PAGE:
Van Gogh and the Consolation of Trees

It might seem obvious that Vincent van Gogh, the most famous depressive in all of art, adopted the cypresses of the Mediterranean as his motif. Tall, tapered, cone-shaped evergreens have always been associated with sadness and death. It stands guard over Christian, Jewish, and Muslim cemeteries in Southern Europe and the Near East.

Judging by Van Gogh’s own writings, however, his view of the tree was different. “Cypresses still occupy my heart,” he wrote in June 1889 in a letter to his indomitably devoted brother, Theo. “I would like to do something with something like a sunflower canvas because, as I see it, I am surprised no one has done this.”

The tree inspired him to new heights in woodland, as seen in Van Gogh’s Cypresses. The exhibition is a revelatory and captivating green exhibition that begins previewing at the Metropolitan Museum of Art next week before it opens to the public on May 22nd. The climate catastrophe has prompted many contemporary artists to place nature at the center of their work, thinking about the ‘comfort’ (Van Gogh’s favorite word) that trees provide.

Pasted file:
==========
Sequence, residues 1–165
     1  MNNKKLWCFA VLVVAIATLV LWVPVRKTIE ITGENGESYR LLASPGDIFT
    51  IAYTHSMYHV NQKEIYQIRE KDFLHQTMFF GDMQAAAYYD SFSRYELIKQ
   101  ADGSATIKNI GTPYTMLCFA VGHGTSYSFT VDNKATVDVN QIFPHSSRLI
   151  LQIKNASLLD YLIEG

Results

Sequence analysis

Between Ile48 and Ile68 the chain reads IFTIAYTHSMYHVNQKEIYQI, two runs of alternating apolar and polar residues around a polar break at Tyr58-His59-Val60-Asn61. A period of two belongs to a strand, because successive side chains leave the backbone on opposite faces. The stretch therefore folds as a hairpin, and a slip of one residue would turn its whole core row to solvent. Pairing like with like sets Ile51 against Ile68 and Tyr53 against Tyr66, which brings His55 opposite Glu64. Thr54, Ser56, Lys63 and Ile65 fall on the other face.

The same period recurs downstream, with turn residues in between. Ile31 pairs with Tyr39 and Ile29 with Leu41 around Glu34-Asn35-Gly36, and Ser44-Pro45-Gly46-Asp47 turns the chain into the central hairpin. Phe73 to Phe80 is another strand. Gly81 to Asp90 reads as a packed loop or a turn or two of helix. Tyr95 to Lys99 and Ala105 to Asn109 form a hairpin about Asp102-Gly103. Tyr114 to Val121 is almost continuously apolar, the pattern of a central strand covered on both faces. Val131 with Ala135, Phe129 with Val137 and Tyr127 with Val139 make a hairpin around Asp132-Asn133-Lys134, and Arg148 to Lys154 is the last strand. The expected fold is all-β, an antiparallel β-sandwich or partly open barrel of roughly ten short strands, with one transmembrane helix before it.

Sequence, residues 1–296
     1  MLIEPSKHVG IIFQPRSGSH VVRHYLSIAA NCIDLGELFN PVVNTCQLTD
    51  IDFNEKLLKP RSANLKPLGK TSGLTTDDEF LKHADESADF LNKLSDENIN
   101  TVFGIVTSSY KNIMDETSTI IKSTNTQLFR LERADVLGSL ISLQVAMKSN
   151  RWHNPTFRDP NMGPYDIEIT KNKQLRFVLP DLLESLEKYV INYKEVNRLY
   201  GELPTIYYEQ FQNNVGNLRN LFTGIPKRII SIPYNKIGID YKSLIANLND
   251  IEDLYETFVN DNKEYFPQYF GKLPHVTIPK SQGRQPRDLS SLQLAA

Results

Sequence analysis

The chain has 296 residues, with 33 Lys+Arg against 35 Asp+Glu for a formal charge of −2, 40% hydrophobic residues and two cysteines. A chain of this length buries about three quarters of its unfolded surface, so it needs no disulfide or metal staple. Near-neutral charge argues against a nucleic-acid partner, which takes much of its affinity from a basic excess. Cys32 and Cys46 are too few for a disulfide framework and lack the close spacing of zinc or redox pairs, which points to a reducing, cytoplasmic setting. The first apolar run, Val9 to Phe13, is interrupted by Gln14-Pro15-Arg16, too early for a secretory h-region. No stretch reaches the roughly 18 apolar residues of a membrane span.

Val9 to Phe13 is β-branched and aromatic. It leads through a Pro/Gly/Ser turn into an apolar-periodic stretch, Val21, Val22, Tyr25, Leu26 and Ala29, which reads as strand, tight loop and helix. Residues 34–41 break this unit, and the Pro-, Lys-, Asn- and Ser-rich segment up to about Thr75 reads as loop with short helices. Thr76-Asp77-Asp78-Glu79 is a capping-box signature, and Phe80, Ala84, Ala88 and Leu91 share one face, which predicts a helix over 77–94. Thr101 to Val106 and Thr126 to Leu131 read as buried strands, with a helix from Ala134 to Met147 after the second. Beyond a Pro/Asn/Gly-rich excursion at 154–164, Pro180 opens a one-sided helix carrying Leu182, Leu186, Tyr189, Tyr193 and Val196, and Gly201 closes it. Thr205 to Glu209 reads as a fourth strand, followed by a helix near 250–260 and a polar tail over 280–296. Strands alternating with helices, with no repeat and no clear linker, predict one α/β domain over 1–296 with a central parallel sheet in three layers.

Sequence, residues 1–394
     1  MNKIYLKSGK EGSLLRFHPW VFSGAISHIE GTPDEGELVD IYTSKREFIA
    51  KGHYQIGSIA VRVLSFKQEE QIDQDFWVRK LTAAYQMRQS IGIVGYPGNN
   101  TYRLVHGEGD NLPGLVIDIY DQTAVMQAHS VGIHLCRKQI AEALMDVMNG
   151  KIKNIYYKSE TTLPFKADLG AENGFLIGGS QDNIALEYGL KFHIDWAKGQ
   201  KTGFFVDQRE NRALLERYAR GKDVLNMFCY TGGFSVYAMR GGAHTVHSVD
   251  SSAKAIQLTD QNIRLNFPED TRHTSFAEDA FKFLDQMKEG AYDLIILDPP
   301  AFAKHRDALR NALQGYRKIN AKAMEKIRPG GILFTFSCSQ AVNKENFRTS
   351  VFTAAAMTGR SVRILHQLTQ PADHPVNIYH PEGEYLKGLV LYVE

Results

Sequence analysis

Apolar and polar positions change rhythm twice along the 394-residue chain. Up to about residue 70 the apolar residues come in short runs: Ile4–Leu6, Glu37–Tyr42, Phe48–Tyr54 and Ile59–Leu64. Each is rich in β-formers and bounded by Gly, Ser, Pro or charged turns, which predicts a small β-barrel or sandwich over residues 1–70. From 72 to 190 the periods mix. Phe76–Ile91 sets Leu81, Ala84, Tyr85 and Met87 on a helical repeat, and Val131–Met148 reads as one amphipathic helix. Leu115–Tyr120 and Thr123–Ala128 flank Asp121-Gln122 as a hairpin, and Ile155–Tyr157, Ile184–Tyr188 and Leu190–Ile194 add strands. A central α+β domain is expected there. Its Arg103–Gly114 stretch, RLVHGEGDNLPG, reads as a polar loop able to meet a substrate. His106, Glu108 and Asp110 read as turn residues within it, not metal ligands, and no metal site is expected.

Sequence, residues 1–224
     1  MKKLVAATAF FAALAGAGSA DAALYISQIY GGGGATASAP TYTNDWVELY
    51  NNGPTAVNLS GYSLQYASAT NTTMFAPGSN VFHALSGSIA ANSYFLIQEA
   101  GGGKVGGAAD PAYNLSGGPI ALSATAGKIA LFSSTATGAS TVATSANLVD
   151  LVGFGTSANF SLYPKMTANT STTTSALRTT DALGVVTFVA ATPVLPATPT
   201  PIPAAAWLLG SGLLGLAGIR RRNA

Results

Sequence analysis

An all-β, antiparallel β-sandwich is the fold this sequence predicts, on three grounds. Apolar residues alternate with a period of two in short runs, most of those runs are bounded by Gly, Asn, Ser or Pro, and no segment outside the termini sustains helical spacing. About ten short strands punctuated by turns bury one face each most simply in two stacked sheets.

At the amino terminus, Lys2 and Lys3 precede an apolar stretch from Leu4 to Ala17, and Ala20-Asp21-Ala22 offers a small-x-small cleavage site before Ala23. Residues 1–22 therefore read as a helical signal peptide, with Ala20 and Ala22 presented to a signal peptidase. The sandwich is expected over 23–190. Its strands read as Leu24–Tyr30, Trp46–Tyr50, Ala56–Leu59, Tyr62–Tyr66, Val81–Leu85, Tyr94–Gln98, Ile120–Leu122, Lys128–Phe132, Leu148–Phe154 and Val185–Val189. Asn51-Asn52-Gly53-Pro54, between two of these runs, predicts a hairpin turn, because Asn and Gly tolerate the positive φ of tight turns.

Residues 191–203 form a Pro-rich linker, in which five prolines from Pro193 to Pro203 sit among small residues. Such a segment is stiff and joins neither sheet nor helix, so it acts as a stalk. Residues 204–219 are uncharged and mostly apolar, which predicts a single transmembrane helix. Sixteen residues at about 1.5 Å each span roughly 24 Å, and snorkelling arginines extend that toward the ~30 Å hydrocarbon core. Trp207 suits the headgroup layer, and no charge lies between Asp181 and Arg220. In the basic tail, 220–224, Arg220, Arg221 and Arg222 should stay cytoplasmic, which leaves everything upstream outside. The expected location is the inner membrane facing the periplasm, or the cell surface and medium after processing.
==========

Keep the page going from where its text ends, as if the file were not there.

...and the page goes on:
The Metropolitan Museum of Art presents 24 paintings, as well as 12 drawings and four illustrated letters, in which cypresses are not necessarily the main subject. The show includes “The Starry Night” (Museum of Modern Art, New York), which happens to feature a long uncelebrated and unnoticed pair of cypresses in addition to the hypnotic rhythms of a swirling sky.

Van Gogh, who committed suicide at the age of 37, began painting cypresses in his later years. At the time, the Dutch-born artist was living in the South of France and was exhibiting some of his most powerful works. The Metropolitan Museum of Art exhibition unfolds slowly, initially cypresses emerging as common foliage in his landscape far from Arles. However, he turned his attention to this motif in the summer of 1889, after a mental breakdown and voluntarily entering a psychiatric hospital in Saint-Rémy-de-Provence. Initially confined to the hospital grounds, he painted landscapes of the fields outside the barred bedroom windows and studied the blue irises of the gardens.

Within a few weeks, it was determined that he was well enough to venture beyond the walls of the hospital. Armed with a portable easel and a box of paints, he went out into a nearby field and was struck by the sight of individual cypress trees growing wild. As he later said, he wondered how he could capture this.dark Patch in the sun-drenched landscape. (By the way, don’t confuse the cypresses he saw in Provence with the swamps of Louisiana or the bald cypress found in America, a staple of Gothic films.)